Small business owner confidence remained elevated last month, according to a new report from the National Federation of Independent Business (NFIB). Specifically, the headline optimism index ended October at 107.4, the second decline in a row but still one of the highest readings in the 45-year history of this survey. Under the hood, five of the ten main components that make up the sentiment gauge deteriorated in October, and one improved. The biggest decrease was seen in the percentage of owner respondents who said that they believe “now is a good time to expand their business.” Most of this was likely due to the uncertainty surrounding the midterm elections, and from a historical perspective the expansion outlook index still ended last month at a relatively strong level.
With respect to small business employment conditions, job creation remained healthy in October but there are signs that the pace of growth has slowed compared to earlier this year. At the same time, the number of vacancies continues to climb, suggesting that any weakness in job gains likely has more to do with a lack of available talent than a reduction in hiring plans. Moreover, 88 percent of small businesses trying to add payrolls in October complained about there being “few or no” qualified applicants, and “quality of labor” was once again owners’ top-cited problem. Such survey responses provide evidence of a tight labor market, which helps explain why more than a third (34 percent) of owners said that they had raised worker compensation during the past three months. The report’s authors added that “Small businesses have not experienced this level of labor market related challenges since the late 1990s when Y2K produced a surge in demand for computer and programming specialists. Current labor shortages though are more broadly distributed across industries.”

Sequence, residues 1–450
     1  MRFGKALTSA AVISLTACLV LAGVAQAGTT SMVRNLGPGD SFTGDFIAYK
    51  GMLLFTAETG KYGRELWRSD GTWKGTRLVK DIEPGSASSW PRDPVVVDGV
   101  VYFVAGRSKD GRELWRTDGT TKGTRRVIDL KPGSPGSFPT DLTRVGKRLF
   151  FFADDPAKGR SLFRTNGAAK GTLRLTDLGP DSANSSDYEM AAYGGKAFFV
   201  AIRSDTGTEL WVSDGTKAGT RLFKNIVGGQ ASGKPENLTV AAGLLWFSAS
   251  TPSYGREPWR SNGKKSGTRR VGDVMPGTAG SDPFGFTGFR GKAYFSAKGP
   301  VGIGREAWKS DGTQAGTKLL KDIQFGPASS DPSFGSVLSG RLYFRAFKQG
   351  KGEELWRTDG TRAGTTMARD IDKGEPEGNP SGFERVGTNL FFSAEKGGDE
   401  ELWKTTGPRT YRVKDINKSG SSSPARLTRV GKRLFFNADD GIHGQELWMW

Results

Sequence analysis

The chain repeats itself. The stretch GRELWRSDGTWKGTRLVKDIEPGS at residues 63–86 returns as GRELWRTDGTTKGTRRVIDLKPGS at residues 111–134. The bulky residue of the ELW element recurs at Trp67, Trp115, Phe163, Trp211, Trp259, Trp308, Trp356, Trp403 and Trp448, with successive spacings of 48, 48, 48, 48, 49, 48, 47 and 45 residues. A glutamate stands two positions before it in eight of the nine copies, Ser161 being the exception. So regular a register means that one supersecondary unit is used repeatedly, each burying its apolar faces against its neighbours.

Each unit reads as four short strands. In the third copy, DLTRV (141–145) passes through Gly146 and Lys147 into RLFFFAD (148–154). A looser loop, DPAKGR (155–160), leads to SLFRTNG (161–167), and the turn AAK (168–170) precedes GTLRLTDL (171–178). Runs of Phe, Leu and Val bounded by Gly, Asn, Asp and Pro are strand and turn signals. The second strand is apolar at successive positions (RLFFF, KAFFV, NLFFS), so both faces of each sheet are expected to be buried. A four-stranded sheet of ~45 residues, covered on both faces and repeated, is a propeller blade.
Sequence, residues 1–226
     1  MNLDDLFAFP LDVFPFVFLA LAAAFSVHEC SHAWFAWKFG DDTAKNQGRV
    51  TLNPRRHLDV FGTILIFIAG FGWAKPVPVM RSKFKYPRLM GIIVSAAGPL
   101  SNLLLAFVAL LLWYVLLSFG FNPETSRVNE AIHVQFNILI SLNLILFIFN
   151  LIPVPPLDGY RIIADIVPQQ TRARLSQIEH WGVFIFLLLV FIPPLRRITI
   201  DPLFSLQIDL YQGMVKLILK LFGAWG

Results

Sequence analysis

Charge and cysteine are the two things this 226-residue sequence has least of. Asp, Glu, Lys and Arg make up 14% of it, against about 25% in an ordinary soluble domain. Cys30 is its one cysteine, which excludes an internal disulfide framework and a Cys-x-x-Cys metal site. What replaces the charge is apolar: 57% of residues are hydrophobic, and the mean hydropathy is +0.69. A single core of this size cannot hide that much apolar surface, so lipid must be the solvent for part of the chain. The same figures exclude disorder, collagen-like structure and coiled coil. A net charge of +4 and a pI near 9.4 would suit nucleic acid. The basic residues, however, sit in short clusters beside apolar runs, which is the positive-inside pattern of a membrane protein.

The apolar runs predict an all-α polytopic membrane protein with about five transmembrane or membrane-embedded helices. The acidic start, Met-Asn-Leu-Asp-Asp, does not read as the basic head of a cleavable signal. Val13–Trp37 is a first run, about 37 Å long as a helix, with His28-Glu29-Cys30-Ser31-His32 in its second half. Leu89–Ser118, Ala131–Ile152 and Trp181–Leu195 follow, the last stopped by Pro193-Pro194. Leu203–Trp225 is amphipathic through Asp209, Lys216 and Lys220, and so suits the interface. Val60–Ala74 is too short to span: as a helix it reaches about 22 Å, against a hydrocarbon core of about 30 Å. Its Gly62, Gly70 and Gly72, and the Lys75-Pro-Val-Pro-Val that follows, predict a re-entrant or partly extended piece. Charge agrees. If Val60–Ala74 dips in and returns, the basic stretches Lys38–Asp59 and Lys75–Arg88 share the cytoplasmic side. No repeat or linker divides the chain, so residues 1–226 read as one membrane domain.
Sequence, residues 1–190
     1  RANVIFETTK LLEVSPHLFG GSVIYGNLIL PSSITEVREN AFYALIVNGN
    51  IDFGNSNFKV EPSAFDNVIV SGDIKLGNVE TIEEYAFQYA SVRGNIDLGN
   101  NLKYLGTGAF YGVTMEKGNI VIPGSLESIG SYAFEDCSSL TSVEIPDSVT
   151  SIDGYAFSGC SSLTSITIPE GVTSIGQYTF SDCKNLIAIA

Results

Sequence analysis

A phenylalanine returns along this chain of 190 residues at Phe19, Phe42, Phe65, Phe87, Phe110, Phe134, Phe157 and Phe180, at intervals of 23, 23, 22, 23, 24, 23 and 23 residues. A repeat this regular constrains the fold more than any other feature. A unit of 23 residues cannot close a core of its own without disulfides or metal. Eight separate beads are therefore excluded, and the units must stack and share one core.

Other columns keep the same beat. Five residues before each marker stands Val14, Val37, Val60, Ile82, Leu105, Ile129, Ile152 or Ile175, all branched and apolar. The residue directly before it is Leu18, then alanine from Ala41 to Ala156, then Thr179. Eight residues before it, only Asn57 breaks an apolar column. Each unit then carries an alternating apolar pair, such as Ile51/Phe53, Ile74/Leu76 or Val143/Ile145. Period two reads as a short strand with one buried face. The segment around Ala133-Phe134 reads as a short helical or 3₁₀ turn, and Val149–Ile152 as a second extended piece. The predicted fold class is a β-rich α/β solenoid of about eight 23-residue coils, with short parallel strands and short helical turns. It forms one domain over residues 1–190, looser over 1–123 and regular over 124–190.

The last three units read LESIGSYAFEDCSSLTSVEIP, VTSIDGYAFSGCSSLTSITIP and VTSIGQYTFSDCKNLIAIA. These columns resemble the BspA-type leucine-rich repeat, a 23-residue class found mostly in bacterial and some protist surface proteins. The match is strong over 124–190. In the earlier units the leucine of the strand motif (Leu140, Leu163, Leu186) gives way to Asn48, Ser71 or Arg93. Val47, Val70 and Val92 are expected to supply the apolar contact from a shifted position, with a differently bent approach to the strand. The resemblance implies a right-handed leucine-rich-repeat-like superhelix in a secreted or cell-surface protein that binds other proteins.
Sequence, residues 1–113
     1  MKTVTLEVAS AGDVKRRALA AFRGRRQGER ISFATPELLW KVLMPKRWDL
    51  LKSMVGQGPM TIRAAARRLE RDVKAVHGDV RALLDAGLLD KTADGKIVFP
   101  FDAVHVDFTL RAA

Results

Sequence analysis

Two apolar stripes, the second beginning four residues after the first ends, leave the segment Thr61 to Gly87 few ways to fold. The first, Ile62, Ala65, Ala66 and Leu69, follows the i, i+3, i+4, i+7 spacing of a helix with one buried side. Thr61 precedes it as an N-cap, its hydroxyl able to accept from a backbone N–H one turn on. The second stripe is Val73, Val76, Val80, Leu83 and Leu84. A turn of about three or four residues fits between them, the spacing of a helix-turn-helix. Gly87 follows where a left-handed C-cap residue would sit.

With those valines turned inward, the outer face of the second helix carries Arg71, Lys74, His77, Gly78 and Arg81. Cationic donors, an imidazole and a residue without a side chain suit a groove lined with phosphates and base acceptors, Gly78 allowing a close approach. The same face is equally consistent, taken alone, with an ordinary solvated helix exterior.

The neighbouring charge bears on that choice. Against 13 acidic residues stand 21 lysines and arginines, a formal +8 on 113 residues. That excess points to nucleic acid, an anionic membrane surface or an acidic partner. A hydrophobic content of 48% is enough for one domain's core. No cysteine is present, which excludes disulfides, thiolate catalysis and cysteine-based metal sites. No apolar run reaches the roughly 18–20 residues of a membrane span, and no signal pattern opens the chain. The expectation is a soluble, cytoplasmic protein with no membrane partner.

Post author: Charles Couch